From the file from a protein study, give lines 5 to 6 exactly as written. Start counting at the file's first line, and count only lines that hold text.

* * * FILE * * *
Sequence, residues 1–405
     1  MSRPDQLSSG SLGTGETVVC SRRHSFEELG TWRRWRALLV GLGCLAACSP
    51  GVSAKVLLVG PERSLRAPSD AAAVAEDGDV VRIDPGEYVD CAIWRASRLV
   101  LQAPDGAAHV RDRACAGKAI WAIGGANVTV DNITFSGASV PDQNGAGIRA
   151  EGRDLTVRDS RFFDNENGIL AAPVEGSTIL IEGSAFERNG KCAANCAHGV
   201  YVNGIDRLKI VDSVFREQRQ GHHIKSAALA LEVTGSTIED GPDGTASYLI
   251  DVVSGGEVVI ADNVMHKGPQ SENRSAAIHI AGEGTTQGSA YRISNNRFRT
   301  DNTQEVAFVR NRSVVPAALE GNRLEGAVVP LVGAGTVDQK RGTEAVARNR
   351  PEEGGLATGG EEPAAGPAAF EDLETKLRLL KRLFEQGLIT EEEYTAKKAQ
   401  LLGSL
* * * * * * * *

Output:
   151  EGRDLTVRDS RFFDNENGIL AAPVEGSTIL IEGSAFERNG KCAANCAHGV
   201  YVNGIDRLKI VDSVFREQRQ GHHIKSAALA LEVTGSTIED GPDGTASYLI